several days to several weeks or even months. Knowing

that it might take time to get back into regular routines

can help with concern, anxiety, and frustration.

Promoting Psychological Wellbeing During

Quarantine

1. Use communication as an intervention. Clear,

understandable, and practical communication can

reduce adverse psychological responses and increase

behavioral adherence. Provide rapid, repeated,

Continued

Center for the Study of

Traumatic Stress (CSTS)

Psychological Effects of Quarantine

During the Coronavirus Outbreak:

What Healthcare Providers Need

to Know

Summary:

A 2-page fact sheet describing the

psychological effects of quarantine and

strategies for healthcare providers in caring

for themselves and their patients.

All CSTS Fact Sheets can be viewed at: https://www.cstsonline.org/resources/resource-master-list/

coronavirus-and-emerging-infectious-disease-outbreaks-response

Download and read it here

(links to: https://www.cstsonline.org/assets/media/documents/CSTS_FS_Psychological_Effects_Quarantine_During_Coronavirus_Outbreak_Providers.pdf)

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47


Recommended Resource:

CSTS | Department of Psychiatry | Uniformed Services University | 4301 Jones Bridge Road, Bethesda, MD 20814-4799 | www.CSTSonline.org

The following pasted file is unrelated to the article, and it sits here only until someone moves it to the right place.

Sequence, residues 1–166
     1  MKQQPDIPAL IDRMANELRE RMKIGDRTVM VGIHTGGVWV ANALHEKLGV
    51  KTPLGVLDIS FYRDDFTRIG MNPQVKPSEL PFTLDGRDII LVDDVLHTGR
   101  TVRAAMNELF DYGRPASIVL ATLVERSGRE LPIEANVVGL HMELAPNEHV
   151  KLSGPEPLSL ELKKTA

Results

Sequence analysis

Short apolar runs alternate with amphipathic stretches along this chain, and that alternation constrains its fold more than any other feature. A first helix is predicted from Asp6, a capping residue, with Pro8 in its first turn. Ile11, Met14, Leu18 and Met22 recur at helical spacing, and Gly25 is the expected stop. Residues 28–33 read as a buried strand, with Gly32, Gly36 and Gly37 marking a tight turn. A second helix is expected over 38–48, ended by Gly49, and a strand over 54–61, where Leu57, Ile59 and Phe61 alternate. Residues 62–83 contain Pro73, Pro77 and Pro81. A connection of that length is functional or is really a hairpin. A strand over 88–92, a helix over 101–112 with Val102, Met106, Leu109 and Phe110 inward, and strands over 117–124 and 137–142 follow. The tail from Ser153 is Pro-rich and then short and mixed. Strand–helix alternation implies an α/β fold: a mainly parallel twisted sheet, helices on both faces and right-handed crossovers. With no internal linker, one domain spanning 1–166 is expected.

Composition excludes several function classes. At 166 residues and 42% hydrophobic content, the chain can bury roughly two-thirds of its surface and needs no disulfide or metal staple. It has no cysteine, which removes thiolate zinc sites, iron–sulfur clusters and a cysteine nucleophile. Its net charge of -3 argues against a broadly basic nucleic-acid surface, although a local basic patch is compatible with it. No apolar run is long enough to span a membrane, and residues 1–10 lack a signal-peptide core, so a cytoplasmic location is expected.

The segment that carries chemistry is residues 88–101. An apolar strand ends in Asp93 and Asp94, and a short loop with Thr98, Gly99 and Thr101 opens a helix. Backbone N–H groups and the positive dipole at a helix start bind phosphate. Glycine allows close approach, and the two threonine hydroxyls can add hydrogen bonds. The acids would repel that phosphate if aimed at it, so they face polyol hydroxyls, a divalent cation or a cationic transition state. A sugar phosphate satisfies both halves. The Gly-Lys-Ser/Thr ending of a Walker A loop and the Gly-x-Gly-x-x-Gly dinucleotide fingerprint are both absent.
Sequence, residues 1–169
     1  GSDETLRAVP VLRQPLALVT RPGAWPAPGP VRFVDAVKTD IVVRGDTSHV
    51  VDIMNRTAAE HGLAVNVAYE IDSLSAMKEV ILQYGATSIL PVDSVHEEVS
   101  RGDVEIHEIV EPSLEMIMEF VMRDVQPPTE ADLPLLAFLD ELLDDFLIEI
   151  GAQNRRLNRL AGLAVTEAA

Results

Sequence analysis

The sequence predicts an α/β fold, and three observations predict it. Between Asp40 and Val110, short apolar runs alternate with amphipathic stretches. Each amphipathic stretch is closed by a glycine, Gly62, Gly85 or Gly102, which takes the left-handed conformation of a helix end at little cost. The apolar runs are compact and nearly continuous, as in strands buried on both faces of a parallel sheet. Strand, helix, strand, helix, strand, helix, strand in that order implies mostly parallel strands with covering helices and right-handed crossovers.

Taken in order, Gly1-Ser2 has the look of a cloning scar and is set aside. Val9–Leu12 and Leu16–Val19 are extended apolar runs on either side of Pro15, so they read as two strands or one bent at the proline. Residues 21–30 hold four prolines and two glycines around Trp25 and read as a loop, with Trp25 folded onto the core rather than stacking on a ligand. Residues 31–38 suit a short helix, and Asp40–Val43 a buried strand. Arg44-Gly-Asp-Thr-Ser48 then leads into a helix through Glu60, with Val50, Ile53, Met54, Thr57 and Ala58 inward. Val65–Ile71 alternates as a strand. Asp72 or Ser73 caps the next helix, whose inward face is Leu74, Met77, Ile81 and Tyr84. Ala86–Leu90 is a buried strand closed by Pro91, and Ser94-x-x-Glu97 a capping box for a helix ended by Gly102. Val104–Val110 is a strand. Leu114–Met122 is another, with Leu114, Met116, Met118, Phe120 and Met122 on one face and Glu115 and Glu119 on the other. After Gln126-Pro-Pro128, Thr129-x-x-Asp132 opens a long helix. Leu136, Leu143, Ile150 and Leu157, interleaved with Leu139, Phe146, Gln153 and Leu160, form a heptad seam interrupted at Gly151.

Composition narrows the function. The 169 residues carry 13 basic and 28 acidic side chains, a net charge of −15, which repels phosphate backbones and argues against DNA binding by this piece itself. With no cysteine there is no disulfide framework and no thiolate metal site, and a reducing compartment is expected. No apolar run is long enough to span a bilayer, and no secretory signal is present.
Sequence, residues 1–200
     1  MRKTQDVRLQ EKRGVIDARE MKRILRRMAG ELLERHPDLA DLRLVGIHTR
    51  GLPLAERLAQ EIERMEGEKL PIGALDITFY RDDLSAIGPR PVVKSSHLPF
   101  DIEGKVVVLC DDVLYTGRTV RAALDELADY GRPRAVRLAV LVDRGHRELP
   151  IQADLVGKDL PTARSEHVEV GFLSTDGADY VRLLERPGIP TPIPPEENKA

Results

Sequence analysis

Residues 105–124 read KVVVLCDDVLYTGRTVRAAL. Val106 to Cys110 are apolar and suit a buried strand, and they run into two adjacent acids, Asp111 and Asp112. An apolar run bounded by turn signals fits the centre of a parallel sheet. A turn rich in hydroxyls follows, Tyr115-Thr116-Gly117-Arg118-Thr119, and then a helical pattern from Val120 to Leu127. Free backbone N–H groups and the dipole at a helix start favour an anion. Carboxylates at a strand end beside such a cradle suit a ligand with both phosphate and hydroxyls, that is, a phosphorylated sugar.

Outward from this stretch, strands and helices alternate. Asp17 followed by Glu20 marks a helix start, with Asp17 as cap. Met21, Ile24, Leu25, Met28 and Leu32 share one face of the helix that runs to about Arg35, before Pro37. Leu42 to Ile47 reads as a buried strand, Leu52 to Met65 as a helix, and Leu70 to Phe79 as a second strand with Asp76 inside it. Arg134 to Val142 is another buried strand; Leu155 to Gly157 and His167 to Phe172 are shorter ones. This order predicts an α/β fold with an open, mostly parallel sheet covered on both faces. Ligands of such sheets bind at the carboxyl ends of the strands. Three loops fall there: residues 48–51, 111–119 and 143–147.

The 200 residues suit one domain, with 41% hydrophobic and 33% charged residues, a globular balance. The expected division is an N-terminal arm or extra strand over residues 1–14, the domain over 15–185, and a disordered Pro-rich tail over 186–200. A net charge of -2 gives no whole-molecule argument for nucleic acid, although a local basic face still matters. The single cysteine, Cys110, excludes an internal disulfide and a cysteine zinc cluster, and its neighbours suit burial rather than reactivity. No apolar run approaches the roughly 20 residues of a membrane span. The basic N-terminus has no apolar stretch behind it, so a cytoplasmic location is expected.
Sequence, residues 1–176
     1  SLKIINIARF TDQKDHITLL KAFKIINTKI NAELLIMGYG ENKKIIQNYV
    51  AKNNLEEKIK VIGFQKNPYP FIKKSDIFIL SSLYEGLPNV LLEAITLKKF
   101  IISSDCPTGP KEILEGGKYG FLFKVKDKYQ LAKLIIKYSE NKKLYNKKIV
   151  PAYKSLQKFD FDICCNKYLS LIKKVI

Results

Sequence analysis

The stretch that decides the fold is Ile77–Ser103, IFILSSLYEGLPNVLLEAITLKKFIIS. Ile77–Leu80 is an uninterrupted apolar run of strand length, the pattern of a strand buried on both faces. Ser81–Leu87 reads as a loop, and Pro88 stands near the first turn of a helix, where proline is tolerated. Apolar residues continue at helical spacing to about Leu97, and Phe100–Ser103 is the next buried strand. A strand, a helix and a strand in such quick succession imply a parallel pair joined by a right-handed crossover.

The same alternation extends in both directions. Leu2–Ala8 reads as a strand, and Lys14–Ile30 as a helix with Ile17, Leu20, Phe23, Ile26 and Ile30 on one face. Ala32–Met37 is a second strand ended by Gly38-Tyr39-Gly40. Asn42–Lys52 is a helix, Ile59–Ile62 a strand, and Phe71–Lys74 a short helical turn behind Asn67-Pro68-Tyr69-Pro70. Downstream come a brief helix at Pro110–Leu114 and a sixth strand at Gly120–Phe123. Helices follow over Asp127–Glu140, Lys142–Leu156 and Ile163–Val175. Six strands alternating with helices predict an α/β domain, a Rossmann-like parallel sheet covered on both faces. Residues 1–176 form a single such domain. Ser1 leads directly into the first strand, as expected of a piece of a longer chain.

Sustaining the Well-Being of Healthcare

Personnel during Coronavirus and other

Infectious Disease Outbreaks

The extreme stress, uncertainty,

and often difficult medical nature of

global infectious disease outbreaks,

such as Coronavirus (COVID-19),

require special attention to the needs

of healthcare personnel. Taking care of

yourself and encouraging others to practice self-care sustains

the ability to care for those in need.

Challenges for Healthcare Personnel During Infectious

Disease Outbreaks

■ Surge in care demands. Many more people present for

care, while increased healthcare personnel are sick or

caring for family.

■ Ongoing risk of infection. Increased risk of contracting

dreaded illness and passing it along to family, friends,

and others at work.

■ Equipment challenges. Equipment can be

uncomfortable, limit mobility and communication, and

be of uncertain benefit; shortages occur as a result of

increased, and sometimes unnecessary, use.

■ Providing support as well as medical care. Patient

distress can be increasingly difficult for healthcare

personnel to manage;